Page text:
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Fluorouracil cream most effective for treating actinic keratosis lesions

Elaine Soliven
30 Apr 2019

The use of 5% fluorouracil cream was most effective among a panel of four treatments commonly used for treating multiple actinic keratosis (AK) lesions on the head, according to a recent study.

This multicentre, single-blind study included 624 patients (median age 73 years) diagnosed with multiple AK lesions on the head who were randomized in a 1:1:1:1 ratio to receive 5% fluorouracil cream (n=155), 5% imiquimod cream (n=156), MAL-PDT* (n=156), or 0.015% ingenol mebutate gel (n=157) at four Dutch hospitals. Grades I–III AK lesions were assessed using a 3-point Olsen grading system. The study’s primary endpoint was the number of patients who remained free from treatment failure (defined as ≥75 percent reduction in AK lesions) at 12 months of treatment. Patients were followed up at 3 and 12 months. [N Engl J Med 2019;380:935-946]

In the modified intention-to-treat analysis, 74.7 percent of patients treated with fluorouracil cream were free from treatment failure compared with those who received imiquimod cream (53.9 percent, hazard ratio [HR], 2.03; p=0.001), MAL-PDT (37.7 percent, HR, 2.73; p<0.001), or ingenol mebutate gel at 12 months (28.9 percent, HR, 3.33; p<0.001).

In the per-protocol population comprising 555 patients, there were also significantly more patients in the fluorouracil group who were free from treatment failure (76.4 percent) than the imiquimod (56.7 percent, HR, 2.03; p=0.001), MAL-PDT (42.4 percent, HR, 2.63; p<0.001), or ingenol mebutate groups (31.8 percent, HR, 3.33; p<0.001).

Furthermore, treatment success rate was higher in the fluorouracil group than those in the imiquimod, MAL-PDT, or ingenol mebutate groups at 12 months (82.4 percent vs 71.0 percent, 49.6 percent, or 42.9 percent, respectively) in the modified intention-to-treat population.

Similar results were seen in the per-protocol analysis which showed a higher treatment success rate with fluorouracil than with imiquimod, MAL-PDT, or ingenol mebutate (82.0 percent vs 70.2 percent, 50.9 percent, or 42.4 percent, respectively).

“Findings from the modified intention-to-treat analysis and the per-protocol analysis were similar, which indicates the robustness of the results,” the researchers said.

When the modified intention-to-treat analysis was further stratified by patients with multiple grade I–III lesions, treatment success rate was higher among patients on fluorouracil than those who were received imiquimod cream, MAL-PDT, or ingenol mebutate gel (75.3 percent vs 52.6 percent, 38.7 percent, or 30.2 percent, respectively). “An important gap in the current literature is that most studies assessing the effectiveness of field-directed treatments exclude grade III AK lesions … [In our cohort, we] included patients with grade III AK lesions; in this way, it is more representative of patients seen in daily practice,” the researchers noted.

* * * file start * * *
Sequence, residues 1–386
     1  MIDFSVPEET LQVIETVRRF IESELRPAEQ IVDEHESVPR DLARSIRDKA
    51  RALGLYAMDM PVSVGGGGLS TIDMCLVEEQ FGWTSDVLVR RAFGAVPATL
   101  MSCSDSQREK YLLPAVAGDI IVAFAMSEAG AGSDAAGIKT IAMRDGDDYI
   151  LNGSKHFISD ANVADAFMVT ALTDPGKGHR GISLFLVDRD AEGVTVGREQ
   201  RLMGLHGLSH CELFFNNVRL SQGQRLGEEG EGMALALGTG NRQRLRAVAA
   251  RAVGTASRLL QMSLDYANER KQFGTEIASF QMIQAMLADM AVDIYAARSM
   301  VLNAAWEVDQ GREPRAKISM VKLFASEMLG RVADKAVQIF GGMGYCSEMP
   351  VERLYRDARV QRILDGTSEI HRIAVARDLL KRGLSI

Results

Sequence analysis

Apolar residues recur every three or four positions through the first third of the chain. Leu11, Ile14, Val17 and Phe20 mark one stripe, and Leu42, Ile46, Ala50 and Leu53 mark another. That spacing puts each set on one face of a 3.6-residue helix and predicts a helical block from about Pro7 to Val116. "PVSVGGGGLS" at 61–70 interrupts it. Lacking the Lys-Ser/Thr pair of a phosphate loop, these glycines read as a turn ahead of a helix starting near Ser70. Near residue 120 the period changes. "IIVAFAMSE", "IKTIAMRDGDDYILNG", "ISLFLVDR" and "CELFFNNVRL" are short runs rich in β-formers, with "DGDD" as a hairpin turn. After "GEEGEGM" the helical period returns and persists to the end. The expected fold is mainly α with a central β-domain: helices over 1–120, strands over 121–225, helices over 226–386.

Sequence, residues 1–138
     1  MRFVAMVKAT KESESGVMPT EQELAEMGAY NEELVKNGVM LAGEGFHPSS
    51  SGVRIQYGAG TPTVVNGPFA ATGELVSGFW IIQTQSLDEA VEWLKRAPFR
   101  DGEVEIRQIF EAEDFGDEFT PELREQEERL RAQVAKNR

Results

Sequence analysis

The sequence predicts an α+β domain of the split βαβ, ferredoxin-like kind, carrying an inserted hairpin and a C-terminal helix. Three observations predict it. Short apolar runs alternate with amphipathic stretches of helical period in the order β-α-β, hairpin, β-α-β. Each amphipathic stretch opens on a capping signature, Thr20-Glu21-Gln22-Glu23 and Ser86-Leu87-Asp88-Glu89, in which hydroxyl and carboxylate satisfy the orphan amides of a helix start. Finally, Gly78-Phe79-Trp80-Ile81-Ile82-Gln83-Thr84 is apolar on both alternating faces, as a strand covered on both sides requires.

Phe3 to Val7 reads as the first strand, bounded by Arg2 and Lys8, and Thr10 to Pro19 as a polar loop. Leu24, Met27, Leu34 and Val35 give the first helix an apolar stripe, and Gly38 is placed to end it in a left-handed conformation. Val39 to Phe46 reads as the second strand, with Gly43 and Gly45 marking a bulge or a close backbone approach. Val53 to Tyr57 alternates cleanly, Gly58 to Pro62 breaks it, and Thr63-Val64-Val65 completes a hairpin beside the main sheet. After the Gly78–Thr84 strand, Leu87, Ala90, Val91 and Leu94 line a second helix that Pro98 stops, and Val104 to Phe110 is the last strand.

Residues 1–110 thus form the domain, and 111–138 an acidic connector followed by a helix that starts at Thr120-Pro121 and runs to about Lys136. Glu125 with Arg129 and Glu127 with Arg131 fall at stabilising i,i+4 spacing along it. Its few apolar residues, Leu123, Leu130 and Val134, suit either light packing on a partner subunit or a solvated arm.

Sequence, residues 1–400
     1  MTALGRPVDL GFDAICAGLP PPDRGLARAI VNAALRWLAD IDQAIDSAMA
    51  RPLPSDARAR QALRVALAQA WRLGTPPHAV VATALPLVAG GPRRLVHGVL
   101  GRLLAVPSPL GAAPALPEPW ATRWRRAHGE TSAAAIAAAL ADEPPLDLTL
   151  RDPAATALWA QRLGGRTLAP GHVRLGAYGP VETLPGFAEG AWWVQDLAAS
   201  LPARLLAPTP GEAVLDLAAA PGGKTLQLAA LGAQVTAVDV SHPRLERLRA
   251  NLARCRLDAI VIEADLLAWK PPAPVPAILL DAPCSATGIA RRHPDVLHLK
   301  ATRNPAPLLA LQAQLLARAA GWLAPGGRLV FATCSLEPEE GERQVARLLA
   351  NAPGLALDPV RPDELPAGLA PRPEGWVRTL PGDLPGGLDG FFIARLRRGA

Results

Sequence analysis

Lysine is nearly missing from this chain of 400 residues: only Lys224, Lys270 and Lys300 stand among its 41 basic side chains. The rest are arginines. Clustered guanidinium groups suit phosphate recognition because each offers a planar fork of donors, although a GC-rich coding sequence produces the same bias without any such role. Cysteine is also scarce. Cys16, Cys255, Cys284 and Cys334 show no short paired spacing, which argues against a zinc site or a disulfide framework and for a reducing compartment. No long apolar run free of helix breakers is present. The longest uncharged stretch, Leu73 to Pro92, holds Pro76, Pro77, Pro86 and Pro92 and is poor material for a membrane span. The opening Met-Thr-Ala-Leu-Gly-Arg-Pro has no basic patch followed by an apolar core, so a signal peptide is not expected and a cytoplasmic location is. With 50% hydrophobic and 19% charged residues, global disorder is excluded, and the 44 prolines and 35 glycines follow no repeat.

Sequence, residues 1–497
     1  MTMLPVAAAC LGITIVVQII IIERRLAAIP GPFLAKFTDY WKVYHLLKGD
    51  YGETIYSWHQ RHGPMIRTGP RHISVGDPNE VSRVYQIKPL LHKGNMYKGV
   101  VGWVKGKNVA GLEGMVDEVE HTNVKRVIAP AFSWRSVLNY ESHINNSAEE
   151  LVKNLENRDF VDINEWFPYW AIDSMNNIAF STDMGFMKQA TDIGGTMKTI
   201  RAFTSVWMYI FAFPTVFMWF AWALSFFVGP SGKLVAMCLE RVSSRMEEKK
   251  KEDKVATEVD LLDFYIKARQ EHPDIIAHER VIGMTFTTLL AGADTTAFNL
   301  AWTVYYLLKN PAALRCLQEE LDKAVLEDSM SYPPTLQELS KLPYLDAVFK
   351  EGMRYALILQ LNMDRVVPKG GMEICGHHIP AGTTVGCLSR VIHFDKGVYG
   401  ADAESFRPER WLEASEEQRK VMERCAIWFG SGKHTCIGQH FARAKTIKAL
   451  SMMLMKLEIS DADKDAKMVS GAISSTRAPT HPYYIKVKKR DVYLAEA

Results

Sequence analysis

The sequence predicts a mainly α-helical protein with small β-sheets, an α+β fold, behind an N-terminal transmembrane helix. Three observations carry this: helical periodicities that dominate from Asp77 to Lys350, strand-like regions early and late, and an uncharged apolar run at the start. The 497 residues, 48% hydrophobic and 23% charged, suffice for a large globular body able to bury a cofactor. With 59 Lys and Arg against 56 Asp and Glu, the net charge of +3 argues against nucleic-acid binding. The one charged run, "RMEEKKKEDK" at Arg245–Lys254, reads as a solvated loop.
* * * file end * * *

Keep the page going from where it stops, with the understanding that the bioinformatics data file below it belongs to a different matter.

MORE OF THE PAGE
Overall, the use of fluorouracil was not associated with a higher rate of adverse events (AEs), and majority of patients reported satisfaction and sustained improvement with regard to health-related quality of life at the end of treatment. Additionally, no serious AEs were observed, and none of the patients discontinued treatment due to a drug-related AEs.

The findings were consistent with a previous network meta-analysis, which showed that 5% fluorouracil was the most effective treatment with regard to a complete clearance of all lesions, said the researchers. [Br J Dermatol 2013;169:250-259]

“However, in the 2015 European Dermatology Forum guidelines, the majority of experts did not express a preference for any of the most commonly prescribed treatments. They agreed that 3.75% imiquimod, ALA-PDT**, MAL-PDT, ingenol mebutate (0.015% or 0.050%), and 0.5% fluorouracil were equally effective in patients with multiple AK lesions,” the researchers said. [J Eur Acad Dermatol Venereol 2015;29:2069-2079]

“This trial showed that 5% fluorouracil [cream] was significantly more effective than imiquimod [cream], MAL-PDT, or ingenol mebutate [gel] at 12 months after the end of treatment for multiple [grade I–III] AK lesions in a continuous area,” said the researchers.

“No new toxic effects were identified in this trial,” they added.

 

*MAL-PDT: Methyl aminolevulinate photodynamic therapy

**ALA-PDT: Aminolevulinic acid photodynamic therapy

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Most Read Articles
29 Jul 2020
Adjunctive perampanel appears to be safe and effective for long-term treatment of patients with tonic‐clonic seizures, according to a posthoc analysis.
11 Aug 2020
During the Allergic Rhinitis (AR) Boot Camp held in conjunction with the Bayer Pharmacist Congress 2020, Professor Dr Baharudin Abdullah discussed the management of AR in the primary care setting and the importance of using patient profiles to guide the choice of antihistamines.
Elaine Soliven, 18 Sep 2020
Adding mepolizumab to standard of care treatment significantly reduces nasal polyp size and obstruction in adults with chronic rhinosinusitis with nasal polyps (CRSwNP), according to the SYNAPSE* study presented at ERS 2020.
Jairia Dela Cruz, 18 Feb 2020
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